66 kips) = 3. requires Em for elements supporting discontinuous walls or frames in SDC B. C.048D 1-30 .2S DS D = ±0.1.0 (2.1 Site 1 * Summarize Design Parameters On One Frame Line SDS = 0.2. which references ASCE 7 Section 12. E.2(0. which references ASCE 7 Section 12. and F.10.3.3.15 kips Transverse Moment Frame Model (One Frame) Applied Horizontal Force: Applied Vertical Force: Emh = Ω oV = (2.048D Transverse End Wall Model (One End Wall) Applied Horizontal Force: Applied Vertical Force: Emh = Ω oV = (2.0 (2.17 kips ) = 5.2).3.240)D = ±0.32 kips E v = ±0. Summarize Design Parameters Ωo transverse direction (moment frame) = 2.048D Longitudinal Side Wall Model (One Side Wall) Applied Horizontal Force: Applied Vertical Force: Emh = Ω oV = (2.2S DS D = ±0.43 kips E v = ±0.4.1 and 1. D.5) (2. 1. E.0) (1.0) (12.17 kips V transverse direction end walls (brace rods) = 1.3.4.3.5 for Site 1 Alternate) For determining the “the maximum force that can be delivered by the system” for purposes of designing the beam-to-column moment connection. D. requires Em for collectors in SDC C. IBC 1605. the value of Ωo shall be taken as 3.5 for Site 1 Alternate) Ωo longitudinal direction side walls (brace rods) = 2.5* Ωo transverse direction end walls (brace rods) = 2. The above requirements apply regardless of the R factor used in the design.66 kips V longitudinal direction side walls (brace rods) = 12.Seismic Design Guide for Metal Building Systems • • IBC 1605.15 kips ) = 24.2(0.240)D = ±0.4.2(0.240)D = ±0.240 V transverse direction (moment frame) = 2.30 kips E v = ±0.5 (see the discussion in Sections 1. and F.3.2S DS D = ±0.1.1.

755)D = ±0.4.240 )D = ±0.2(0.2S DS D = ±0.2S DS D = ±0.240)D = ±0.52 kips ) = 6.79 kips V longitudinal direction side walls (brace rods) = 13.151D Transverse End Wall Model (One End Wall) Applied Horizontal Force: Applied Vertical Force: Emh = ΩoV = ( 2.3.755 V transverse direction (moment frame) = 6.14 kips Transverse Moment Frame Model (One Frame) Applied Horizontal Force: Applied Vertical Force: Emh = Ω oV = (2.151D 1-31 .48 kips E v = ±0.2(0.5) (1.2S DS D = ±0.4.Seismic Design Guide for Metal Building Systems 1.00 kips Ev = ±0.5) (13.2(0.048D Longitudinal Side Wall Model (One Side Wall) Applied Horizontal Force: Applied Vertical Force: 1.09 kips Transverse Moment Frame Model (One Frame) Applied Horizontal Force: Applied Vertical Force: Emh = ΩoV = (2.2 Site 1 Alternate Summarize Design Parameters On One Frame Line SDS = 0.80 kips ) = 17.240)D = ±0.3.5) (2.755)D = ±0.80 kips V transverse direction end walls (brace rods) = 5.0) (5.85 kips E v = ±0.5) (6.2(0.14 kips) = 32.3 Site 2 Emh = Ω oV = (2.20 kips ) = 10.2(0.20 kips V longitudinal direction side walls (brace rods) = 38.2S DS D = ±0.240 V transverse direction (moment frame) = 2.048D Transverse End Wall Model (One End Wall) Applied Horizontal Force: Applied Vertical Force: Emh = Ω oV = (2.52 kips V transverse direction end walls (brace rods) = 1.30 kips Ev = ±0.048D Summarize Design Parameters On One Frame Line SDS = 0.79 kips) = 4.2S DS D = ±0.40 kips Ev = ±0.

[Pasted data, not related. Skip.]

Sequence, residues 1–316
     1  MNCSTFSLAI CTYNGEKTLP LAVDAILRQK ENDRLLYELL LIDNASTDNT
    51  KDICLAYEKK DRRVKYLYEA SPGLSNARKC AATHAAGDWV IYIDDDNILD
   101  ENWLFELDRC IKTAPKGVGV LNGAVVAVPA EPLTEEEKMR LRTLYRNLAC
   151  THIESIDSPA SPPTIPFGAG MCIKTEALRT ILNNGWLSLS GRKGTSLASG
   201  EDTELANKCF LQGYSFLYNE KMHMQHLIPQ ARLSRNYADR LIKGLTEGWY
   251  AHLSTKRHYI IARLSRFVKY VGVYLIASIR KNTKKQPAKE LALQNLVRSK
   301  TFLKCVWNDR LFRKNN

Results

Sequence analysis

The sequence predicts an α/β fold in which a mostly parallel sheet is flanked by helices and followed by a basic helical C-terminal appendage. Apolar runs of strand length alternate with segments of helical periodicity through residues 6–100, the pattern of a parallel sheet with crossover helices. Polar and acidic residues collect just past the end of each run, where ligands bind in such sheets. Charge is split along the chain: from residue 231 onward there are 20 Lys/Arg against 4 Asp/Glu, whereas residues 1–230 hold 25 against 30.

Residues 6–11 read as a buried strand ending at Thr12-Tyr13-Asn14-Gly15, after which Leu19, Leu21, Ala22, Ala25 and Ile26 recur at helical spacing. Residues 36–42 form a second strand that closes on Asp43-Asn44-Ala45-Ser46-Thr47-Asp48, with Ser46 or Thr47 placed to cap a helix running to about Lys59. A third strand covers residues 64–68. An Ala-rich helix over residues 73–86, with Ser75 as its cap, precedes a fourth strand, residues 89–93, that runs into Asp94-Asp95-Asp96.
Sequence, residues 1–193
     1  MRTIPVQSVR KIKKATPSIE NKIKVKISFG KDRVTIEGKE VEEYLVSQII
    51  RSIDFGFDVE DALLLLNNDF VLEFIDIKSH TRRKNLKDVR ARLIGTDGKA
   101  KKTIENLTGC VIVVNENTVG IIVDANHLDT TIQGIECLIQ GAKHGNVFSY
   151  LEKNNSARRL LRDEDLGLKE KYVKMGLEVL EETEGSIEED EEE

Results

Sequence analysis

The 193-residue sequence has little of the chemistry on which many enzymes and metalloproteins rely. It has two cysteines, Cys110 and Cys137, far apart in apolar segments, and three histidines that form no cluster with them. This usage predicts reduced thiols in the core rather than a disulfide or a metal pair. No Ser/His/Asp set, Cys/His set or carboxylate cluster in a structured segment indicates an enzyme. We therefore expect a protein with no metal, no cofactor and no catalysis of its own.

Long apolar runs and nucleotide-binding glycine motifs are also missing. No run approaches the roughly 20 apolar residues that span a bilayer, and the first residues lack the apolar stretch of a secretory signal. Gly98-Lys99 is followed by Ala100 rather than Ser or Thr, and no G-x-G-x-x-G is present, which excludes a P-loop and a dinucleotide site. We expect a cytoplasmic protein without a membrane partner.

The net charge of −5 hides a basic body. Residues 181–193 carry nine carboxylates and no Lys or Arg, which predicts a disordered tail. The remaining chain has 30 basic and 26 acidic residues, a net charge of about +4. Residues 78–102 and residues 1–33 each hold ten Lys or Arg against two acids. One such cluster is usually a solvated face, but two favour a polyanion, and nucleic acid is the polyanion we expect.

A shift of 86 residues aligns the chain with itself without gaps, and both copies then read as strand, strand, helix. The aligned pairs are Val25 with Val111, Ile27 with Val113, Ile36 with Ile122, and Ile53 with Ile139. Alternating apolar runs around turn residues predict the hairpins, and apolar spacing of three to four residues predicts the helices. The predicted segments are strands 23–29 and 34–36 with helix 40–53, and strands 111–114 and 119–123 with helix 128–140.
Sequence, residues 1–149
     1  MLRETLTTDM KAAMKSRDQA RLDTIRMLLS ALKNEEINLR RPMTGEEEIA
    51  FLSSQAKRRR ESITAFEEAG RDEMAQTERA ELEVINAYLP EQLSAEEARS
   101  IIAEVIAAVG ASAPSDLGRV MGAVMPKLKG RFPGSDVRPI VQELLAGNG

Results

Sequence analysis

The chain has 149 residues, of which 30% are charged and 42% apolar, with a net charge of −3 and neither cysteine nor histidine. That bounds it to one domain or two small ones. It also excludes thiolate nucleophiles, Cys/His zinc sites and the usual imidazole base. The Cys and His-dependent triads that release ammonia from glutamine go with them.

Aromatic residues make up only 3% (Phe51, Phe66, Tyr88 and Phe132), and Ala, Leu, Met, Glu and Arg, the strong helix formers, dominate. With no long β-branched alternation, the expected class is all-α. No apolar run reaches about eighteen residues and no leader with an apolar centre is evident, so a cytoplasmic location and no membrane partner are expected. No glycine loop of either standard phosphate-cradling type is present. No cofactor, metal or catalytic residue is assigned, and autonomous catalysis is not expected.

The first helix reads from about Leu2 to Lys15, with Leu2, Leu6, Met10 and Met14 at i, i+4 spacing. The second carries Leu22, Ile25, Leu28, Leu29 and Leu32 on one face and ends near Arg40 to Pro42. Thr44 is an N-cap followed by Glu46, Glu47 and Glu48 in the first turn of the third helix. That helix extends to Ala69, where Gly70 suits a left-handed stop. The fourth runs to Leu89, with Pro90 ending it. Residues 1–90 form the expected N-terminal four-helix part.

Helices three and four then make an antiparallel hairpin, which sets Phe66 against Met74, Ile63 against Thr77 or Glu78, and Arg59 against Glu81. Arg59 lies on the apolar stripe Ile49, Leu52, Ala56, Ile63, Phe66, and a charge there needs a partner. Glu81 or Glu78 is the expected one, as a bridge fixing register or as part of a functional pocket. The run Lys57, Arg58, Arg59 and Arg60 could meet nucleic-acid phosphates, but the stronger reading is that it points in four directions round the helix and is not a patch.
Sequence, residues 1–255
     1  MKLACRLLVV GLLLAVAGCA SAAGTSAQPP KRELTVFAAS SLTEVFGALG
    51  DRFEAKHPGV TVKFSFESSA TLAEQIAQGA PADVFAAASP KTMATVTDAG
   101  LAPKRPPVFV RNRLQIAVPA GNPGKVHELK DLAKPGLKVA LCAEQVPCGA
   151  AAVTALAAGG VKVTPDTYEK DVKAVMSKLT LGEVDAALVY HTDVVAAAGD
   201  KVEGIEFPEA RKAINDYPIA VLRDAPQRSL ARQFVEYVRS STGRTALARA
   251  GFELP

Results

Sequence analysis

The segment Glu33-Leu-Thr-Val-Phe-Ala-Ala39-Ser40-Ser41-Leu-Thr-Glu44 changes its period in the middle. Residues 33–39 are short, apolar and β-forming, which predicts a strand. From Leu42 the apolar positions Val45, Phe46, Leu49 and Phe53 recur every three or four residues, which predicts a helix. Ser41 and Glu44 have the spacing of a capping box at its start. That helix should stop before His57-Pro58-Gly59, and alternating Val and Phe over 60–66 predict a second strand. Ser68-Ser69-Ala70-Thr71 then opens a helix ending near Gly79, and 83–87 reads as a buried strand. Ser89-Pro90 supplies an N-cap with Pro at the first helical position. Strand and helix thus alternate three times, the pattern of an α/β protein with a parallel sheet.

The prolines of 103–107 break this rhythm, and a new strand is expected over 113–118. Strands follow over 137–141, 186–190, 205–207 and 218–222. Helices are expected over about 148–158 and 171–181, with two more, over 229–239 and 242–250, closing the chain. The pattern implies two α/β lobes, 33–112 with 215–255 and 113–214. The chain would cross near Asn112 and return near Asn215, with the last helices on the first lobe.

14 kips Ev = ±0.4.3 should be used to design the following elements for all seismic design categories except SDC A (all 3 sites).4.00 V transverse direction (moment frame) = 9.2(1.0) (6. ASCE 7 Section 12.90 kips) = 13.53 kips Ev = ±0.4.1 ASCE 7 Sections Requiring Use of the Em Load Combination The following ASCE 7-05 Sections require the use of the Em load combination: 1.00)D = ±0.90 kips V longitudinal direction side walls (brace rods) = 50.Seismic Design Guide for Metal Building Systems Longitudinal Side Wall Model (One Side Wall) Applied Horizontal Force: Applied Vertical Force: 1.10.2S DS D = ±0.57 kips) = 101.0) (38.2S DS D = ±0.2(1. and their connections to resisting elements.4 Site 3 Emh = Ω oV = (2. E and Em The seismic force effects.4 E mh = Ω oV = (2. E and Em.01kips ) = 22.2 and 1.4.3 − Elements supporting discontinuous walls or frames.1 − Collector elements.0) (50.755)D = ±0.4.00)D = ±0.09kips) = 76.18 kips Ev = ±0.200 D Transverse End Wall Model (One End Wall) Applied Horizontal Force: Applied Vertical Force: E mh = Ω oV = (2.2S DS D = ±0.57 kips Transverse Moment Frame Model (One Frame) Applied Horizontal Force: Applied Vertical Force: Emh = Ω oV = (2.2. splices.4.3.200 D Elements Designed Using Seismic Force Effects. 2. defined in Sections 1.2S DS D = ±0.151D Summarize Design Parameters On One Frame Line SDS = 1.01 kips V transverse direction end walls (brace rods) = 6.5) (9.200 D Longitudinal Side Wall Model (One Side Wall) Applied Horizontal Force: Applied Vertical Force: 1.3. 1-32 .00)D = ±0.2(1.2(0. ASCE 7 Section 12.3. 1.80 kips Ev = ±0.